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COUNTING ON THEM


The wise farmer can usually depend on expected timetables of seedtime and harvest. Not so in the spiritual life. One of the greatest frustrations in the Christian ministry, and principal cause for "weariness in well doing" is the inability to calculate the spiritual outcome of faithful labors in the work of the Lord.

--Timothy George


Vacationers get tired of sunsets, millionaires get tired of money, kids get tired of toys, and Christians get tired of doing good. At first the excitement of teaching a new SS class was strong, but now you have grown weary of well-doing. The thrill is gone. At first you felt clean and strong when you first drove the van, as you taught the Lao English, let the small group study, visited the newcomers, started reading the Bible, worked in the emergency shelter--but now you have grown weary in well-doing. The inner power and joy have seeped away. It's a chore. You've lost heart.


Gabriel frowned and looked rather skeptical. He knew well what poor stuff humans were made of. "Yes," he said, "but what if Peter and James and John grow weary? What if the people who come after them forget? What if way down through the centuries people just don't tell others about you? Haven't you made any other plans?" And Jesus answered, "I haven't made any other plans. I'm counting on them."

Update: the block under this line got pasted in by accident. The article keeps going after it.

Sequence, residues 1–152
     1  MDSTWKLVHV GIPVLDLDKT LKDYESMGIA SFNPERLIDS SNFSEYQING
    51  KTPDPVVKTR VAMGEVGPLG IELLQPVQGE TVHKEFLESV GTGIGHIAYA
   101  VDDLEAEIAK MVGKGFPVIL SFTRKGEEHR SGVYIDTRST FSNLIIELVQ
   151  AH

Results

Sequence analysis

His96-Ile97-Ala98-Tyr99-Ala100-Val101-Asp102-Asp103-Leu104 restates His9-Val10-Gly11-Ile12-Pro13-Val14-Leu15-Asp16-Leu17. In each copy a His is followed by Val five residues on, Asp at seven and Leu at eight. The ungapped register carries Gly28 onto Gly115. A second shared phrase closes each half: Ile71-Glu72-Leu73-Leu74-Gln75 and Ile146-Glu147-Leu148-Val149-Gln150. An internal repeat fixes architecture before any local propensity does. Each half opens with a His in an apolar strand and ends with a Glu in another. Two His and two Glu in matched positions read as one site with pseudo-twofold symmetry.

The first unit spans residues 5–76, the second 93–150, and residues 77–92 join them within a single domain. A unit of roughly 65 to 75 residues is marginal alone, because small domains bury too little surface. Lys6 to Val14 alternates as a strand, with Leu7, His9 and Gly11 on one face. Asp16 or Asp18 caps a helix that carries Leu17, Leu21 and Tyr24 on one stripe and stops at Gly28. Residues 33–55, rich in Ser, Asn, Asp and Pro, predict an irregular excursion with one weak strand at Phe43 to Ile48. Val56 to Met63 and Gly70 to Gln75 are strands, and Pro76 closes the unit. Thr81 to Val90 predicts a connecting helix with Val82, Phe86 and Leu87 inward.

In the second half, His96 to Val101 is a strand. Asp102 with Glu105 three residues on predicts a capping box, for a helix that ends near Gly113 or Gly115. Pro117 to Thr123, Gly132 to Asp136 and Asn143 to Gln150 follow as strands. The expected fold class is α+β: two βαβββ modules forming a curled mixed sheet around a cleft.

Higgins concludes, "Twenty-one centuries later, He still has no other plan. He's counting on you and me to continue His work of reconciling the world to Himself, to continue the work so many have faithfully carried out before us. Will we do so well?"


(From Jason Jones’ Sermon "Are You Mocking God?")

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